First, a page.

Brava — Wantagh Students Journey to the Metropolitan Opera House

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Brava — Wantagh Students Journey to the Metropolitan Opera House

Photo by Angelina Torre

Photo by Angelina Torre

Photo by Angelina Torre

Photo by Angelina Torre

Angelina Torre, Features Editor

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Friday, February 9 — The trip to see the Metropolitan Opera’s rendition of Rigoletto started with a ride on one of those old trains — you know, the ones where you feel you’ve stepped into a 1980’s time machine, with flickering lights and incessant shaking all the same.

Things started out slow… mainly because the train was too decrepit to reach high speeds, but the missing metro cards, wrong directions, and freezing rain did not help.  Finally, the assortment of Music and Foreign Language students reached the Metropolitan Opera House in Lincoln Center.

With soaked hair and red noses, we were ushered up a grand staircase with ornate railings that simply themselves exude elegance; meanwhile our wet Converse left patterned imprints on the red velvet carpeting.

I was fortunate enough to be seated next to our school’s appointed Metropolitan Opera Expert Volunteer, Karen Bruckheimer.  

“Opera has always been a strong part of my life,” confessed Bruckheimer as she relayed the times she would sit listening to the Opera through the static of her childhood radio.  Her passion for the music was evident, for I could always faintly hear the “brava, brava” she would whisper under her breath at the culmination of each scene.

A story of family, love, and revenge, Rigoletto is an “opera for all time,” according to Bruckheimer.

Though originally written to take place in 16th century Italy, the Metropolitan Opera performs Michael Mayer’s rendition set in Las Vegas in 1960, which, according to the Opera’s website, is “a time and place with surprising parallels to the decadent world of the original setting.”

The stage was extravagantly decorated, adequately accompanied with moveball props and electric neon signs.  The opening scene, silhouetted and back-lit with an ominous red hue, was enough to draw the sleepy teenagers’ attention.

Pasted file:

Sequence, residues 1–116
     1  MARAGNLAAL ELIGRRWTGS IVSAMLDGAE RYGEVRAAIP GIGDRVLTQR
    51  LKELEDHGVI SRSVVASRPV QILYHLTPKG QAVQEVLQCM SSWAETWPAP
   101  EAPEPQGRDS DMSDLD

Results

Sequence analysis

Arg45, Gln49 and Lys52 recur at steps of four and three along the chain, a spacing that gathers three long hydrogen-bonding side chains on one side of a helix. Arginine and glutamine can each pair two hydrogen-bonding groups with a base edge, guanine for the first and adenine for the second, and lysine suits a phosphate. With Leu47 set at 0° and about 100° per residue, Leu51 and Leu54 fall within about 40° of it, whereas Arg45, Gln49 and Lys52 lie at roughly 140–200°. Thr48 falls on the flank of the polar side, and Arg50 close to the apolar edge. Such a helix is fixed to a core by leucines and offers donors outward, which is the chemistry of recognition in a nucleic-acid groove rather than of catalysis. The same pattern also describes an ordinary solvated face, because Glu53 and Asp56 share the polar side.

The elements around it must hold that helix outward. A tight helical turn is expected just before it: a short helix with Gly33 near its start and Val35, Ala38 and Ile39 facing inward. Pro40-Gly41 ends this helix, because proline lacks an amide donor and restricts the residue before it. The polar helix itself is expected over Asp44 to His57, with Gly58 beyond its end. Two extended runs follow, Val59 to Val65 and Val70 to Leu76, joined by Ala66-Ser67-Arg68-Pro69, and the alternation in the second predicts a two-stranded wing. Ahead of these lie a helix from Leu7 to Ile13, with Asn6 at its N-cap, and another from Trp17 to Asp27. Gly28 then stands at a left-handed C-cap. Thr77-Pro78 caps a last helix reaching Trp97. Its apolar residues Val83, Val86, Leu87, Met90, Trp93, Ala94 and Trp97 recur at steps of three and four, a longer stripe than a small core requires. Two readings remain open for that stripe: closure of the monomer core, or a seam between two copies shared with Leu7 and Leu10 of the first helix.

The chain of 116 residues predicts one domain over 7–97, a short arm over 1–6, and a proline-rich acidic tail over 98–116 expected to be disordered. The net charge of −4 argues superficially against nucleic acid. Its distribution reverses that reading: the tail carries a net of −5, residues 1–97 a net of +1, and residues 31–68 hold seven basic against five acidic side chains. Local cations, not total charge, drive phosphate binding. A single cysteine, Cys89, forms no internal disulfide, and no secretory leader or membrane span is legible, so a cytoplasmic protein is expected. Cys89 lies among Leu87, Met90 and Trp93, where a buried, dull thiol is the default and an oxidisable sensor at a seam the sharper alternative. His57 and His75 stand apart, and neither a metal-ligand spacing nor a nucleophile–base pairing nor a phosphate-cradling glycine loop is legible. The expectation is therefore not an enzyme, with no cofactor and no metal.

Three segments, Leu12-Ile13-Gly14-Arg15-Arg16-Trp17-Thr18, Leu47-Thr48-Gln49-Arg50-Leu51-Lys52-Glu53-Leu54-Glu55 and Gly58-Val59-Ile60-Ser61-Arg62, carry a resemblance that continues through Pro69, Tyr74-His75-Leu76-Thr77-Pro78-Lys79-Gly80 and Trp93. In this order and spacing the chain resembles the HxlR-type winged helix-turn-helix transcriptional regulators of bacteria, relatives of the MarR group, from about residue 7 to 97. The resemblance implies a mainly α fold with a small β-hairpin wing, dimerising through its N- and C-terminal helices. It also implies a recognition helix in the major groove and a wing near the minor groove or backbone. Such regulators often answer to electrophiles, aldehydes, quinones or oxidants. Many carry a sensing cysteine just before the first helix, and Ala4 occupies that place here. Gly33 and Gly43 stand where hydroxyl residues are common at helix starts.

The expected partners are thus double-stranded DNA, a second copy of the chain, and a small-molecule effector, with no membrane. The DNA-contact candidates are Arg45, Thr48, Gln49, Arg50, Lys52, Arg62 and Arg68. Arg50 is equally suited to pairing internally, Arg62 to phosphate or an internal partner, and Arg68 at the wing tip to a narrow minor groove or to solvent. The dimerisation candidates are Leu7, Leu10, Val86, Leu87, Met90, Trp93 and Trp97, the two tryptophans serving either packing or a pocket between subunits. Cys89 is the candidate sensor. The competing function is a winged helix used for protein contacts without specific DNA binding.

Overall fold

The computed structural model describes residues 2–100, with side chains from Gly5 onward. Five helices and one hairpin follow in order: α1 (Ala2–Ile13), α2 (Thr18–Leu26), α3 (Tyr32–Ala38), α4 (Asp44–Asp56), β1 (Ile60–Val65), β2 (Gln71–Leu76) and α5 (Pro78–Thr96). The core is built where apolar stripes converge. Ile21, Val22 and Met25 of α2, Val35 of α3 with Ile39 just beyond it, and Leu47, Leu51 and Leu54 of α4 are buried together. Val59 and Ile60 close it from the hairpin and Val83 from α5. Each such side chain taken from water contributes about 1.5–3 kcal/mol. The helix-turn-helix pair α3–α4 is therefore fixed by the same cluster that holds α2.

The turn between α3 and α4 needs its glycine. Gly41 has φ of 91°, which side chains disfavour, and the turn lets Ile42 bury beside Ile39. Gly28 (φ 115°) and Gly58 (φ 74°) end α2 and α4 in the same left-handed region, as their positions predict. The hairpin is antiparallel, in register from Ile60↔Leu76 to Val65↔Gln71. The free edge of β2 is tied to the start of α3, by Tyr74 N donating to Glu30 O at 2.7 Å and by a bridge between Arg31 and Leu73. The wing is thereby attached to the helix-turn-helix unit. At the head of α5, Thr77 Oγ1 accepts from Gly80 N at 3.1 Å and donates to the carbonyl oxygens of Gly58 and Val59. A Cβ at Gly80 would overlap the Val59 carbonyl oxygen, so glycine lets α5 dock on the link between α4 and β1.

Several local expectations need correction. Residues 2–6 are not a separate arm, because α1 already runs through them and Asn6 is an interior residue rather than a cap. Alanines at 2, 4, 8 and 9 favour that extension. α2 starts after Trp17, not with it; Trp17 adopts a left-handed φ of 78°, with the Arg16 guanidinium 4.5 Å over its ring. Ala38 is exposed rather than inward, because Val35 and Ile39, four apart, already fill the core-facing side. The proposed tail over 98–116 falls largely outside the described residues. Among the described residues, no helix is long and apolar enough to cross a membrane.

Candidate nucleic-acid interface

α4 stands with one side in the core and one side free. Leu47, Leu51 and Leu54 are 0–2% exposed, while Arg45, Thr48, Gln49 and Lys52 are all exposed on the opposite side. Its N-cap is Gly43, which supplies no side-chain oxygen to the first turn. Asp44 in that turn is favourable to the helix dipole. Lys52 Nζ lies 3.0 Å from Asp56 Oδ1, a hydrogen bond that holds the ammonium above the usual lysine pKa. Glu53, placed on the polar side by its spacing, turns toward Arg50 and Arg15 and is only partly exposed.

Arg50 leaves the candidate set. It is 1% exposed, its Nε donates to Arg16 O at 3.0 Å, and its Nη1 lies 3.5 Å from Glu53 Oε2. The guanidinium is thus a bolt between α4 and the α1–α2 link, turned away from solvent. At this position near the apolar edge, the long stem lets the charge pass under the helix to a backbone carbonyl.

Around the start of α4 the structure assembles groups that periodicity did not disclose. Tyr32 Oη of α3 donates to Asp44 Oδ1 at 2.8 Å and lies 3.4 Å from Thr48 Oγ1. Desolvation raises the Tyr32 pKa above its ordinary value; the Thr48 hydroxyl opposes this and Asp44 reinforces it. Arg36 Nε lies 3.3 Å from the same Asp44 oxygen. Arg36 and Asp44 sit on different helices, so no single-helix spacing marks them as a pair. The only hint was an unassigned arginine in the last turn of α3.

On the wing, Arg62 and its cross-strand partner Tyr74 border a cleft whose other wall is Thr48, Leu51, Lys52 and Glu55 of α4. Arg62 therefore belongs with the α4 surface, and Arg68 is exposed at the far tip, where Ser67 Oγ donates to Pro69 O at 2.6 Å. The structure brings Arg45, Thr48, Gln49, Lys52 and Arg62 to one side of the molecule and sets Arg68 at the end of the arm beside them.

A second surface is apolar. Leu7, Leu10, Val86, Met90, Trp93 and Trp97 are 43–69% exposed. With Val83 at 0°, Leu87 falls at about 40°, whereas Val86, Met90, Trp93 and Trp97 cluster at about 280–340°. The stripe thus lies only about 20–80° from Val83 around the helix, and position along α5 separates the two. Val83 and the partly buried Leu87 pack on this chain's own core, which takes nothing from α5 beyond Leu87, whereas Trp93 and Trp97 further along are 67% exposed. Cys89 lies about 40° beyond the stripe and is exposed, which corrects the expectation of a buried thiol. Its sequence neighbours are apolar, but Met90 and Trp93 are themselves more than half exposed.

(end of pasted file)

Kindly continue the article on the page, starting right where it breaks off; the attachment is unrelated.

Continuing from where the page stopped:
Despite Bruckheimer’s warnings and doubts, I decided to venture from our balcony seats and try my luck on stage level to see if I might be able to speak with one of the pit orchestra members.

Past the pearl-wearing silver hairs, past the wire-wearing producers, I paraded down the hall’s grand aisle towards the pit.  Anxious to talk to someone before anyone noticed my misplaced presence, I grabbed the first two musicians I saw. And I lucked out.

Standing before me was the Metropolitan Orchestra Concertmaster, Ben Bowman, and next to him, ready to receive my next question, was Joel Noyes, Principal Cellist.  To be admitted to the Metropolitan Orchestra is an outstanding feat in and of itself, and to be the leader of a section, of the orchestra no less, is overwhelmingly impressive.

It took me some time to conceptualize the amount of talent looking me in the eyes before I could even ask my first question, but at last I inquired about the differences the two felt playing in a pit orchestra rather than on stage with a symphony orchestra.

“It takes a different person,” Bowman noted of pit musicians, “[to] play above ground and below.”  Bowman – a fitting last name for a world class violinist if I might add – then continued to make an apt analogy describing just how it felt to be a musician in that sunken orchestra.

“[Being in the pit] is like being the rower under a boat,” he explained.  Just as rowers drive the boat forward, as does the pit drive the opera; despite both being relatively unseen, they are indeed integral.

A pit orchestra musician myself performing for the various Wantagh High School and Middle School plays, I was able to relate to Bowman’s words.  Playing in the pit is truly an underrated part of a performance, yet it is my favorite part my musical resume.

Principal Cellist, Joel Noyes, agreed stating that he truly “[feels] bad for musicians who don’t ever experience playing in a pit.”

In some final parting words I asked Bowman and Noyes if they had any advice for aspiring or current pit musicians: “Study scores, listen with an open mind, and be authentic.”

Starstruck after an exciting interview with these amazing musicians, I floated back to my seat and watched the final act of Rigoletto.

Overall, Wantagh High School’s trip to the opera was somewhat of a disastrous success.  The train left us shaking and the weather left us shivering, but I got to converse first-hand with perhaps some of the finest musicians I’ll ever meet – and that may have just made the whole thing worth it.

Oh yeah, and did I mention we saw Ben Stiller on the subway?

 

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